OTTAWA, Canada — Sex in a pandemic can be complicated, Canada's lead medical doctor says, and it's best to skip kissing and perhaps wear a mask to prevent spreading COVID-19.
Dr. Theresa Tam, Canada's chief public health officer, issued a public statement Wednesday on staying safe from the virus when engaging in sexual activities.
"Sexual health is an important part of our overall health. However, sex can be complicated in the time of COVID-19," the statement says, with risks increasing for partners engaging with people outside their household.
"The lowest risk sexual activity during COVID-19 involves yourself alone," Tam advises. But for Canadians choosing to "engage in an in-person sexual encounter" outside their bubble, she suggests a number of steps to reduce risk, including "avoiding face-to-face contact or closeness."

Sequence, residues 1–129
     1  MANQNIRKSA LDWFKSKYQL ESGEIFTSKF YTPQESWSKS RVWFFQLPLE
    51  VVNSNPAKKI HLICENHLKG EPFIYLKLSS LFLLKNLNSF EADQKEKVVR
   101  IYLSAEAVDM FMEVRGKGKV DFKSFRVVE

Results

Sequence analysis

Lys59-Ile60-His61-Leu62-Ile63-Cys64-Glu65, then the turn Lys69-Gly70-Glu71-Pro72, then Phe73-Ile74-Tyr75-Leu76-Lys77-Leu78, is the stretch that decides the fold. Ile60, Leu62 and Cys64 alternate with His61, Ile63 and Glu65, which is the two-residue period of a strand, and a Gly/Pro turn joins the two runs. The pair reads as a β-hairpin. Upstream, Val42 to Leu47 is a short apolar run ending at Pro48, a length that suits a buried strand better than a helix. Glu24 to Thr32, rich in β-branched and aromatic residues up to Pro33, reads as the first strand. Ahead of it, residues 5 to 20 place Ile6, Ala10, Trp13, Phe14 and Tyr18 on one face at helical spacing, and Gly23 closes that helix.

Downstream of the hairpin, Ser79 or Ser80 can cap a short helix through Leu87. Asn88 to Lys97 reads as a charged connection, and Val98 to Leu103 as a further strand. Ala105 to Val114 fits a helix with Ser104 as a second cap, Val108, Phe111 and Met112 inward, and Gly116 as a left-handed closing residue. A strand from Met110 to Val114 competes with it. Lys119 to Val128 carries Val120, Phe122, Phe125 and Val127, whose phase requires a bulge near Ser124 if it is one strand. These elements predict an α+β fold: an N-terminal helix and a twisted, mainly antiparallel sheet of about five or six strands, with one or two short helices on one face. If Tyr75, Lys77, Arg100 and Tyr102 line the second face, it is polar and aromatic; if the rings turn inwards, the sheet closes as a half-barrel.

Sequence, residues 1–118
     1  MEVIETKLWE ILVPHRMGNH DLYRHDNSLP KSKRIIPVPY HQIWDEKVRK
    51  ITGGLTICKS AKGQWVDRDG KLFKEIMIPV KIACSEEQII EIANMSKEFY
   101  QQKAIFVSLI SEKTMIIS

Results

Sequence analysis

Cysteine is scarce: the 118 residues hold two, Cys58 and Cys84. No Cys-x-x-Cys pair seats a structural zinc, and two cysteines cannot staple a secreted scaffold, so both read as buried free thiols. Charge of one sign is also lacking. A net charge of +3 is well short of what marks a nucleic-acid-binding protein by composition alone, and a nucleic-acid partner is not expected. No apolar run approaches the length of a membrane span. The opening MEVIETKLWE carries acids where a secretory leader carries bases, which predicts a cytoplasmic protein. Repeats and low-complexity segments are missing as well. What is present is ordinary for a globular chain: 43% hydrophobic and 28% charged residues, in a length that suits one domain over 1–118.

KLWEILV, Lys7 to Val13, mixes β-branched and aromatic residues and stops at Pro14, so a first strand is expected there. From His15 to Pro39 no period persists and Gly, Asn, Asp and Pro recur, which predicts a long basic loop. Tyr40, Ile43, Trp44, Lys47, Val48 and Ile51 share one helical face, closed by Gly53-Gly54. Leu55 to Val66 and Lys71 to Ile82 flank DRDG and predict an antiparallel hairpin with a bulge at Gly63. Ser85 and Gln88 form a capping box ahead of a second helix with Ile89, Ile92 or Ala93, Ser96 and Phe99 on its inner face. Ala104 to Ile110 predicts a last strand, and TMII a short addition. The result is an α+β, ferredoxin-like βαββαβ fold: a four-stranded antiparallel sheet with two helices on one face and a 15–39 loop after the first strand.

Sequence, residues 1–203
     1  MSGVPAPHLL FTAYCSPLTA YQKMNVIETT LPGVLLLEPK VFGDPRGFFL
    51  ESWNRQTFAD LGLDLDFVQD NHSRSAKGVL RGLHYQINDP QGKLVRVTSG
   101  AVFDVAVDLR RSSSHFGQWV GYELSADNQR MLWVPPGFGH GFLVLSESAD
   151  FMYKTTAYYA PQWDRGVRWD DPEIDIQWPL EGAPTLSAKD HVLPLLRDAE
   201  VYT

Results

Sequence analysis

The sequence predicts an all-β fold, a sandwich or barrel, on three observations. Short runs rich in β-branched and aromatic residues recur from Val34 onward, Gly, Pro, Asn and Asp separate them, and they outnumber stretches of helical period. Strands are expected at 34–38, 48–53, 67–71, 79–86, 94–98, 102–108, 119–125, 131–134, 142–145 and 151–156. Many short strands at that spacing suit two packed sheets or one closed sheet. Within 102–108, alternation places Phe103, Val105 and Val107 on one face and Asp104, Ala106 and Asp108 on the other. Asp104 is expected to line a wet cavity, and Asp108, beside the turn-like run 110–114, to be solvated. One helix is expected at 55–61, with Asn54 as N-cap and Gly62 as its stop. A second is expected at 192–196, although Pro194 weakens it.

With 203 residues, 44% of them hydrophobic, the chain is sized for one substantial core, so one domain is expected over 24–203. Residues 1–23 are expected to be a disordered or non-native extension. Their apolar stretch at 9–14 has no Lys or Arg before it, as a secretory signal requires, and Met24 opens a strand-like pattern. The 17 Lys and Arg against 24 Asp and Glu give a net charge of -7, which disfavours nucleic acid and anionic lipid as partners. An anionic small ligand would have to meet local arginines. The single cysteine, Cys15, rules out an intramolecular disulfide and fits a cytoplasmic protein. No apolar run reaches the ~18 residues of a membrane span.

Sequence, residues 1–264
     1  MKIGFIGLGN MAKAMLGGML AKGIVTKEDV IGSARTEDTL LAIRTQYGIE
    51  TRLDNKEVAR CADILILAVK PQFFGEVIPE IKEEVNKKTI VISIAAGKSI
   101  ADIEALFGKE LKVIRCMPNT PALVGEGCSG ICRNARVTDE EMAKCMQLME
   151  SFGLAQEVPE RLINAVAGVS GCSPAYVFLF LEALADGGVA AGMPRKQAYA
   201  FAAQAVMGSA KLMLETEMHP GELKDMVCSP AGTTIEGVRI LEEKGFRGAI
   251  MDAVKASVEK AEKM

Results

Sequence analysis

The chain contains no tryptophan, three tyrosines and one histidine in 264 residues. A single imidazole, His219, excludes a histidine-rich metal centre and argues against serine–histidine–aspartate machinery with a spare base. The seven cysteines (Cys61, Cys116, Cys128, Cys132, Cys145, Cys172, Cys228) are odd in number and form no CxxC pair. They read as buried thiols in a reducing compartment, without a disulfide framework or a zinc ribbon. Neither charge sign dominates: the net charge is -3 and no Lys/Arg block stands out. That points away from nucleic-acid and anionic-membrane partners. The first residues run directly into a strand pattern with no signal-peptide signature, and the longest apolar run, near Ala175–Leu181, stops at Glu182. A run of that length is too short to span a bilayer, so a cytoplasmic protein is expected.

A trusting relationship should first be established, and partners should also consider using a mask that covers the nose and mouth, Tam says.
"Current evidence indicates there is a very low likelihood of contracting the novel coronavirus through semen or vaginal fluids. However, even if the people involved do not have symptoms, sexual activity with new partners does increase your risk of getting or passing COVID-19 through close contact, like kissing," her statement.
Sex should be avoided if either person has COVID-19 symptoms, the statement says, suggesting "limiting your use of alcohol and other substances so you and your partner(s) are able to make safe decisions."
The most common health advice was also echoed: to continue to practice safe sex, including by using condoms and knowing the STI (sexually transmitted infection) status of oneself and your partner.
"By taking these precautions and staying conscious of the risks we assume, Canadians can find ways to enjoy physical intimacy while safeguarding the progress we have all made containing COVID-19," Dr. Tam's messaged concludes.
Canada has seen more than 129,000 cases of COVID-19, including 9,135 deaths, according to the Public Health Agency of Canada.
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